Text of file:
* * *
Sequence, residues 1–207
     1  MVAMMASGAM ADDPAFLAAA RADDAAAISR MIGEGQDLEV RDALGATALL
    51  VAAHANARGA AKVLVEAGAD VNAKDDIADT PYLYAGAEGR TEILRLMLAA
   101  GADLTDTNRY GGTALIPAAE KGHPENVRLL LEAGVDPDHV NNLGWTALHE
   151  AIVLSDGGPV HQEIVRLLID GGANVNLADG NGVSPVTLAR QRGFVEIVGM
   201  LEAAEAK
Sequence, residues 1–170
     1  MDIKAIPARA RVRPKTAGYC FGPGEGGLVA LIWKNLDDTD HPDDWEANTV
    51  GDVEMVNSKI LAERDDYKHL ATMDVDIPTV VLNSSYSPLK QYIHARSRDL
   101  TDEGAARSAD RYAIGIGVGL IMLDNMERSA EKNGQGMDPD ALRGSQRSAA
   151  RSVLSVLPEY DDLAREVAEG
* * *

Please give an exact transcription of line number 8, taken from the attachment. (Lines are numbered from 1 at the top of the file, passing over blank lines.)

     1  MDIKAIPARA RVRPKTAGYC FGPGEGGLVA LIWKNLDDTD HPDDWEANTV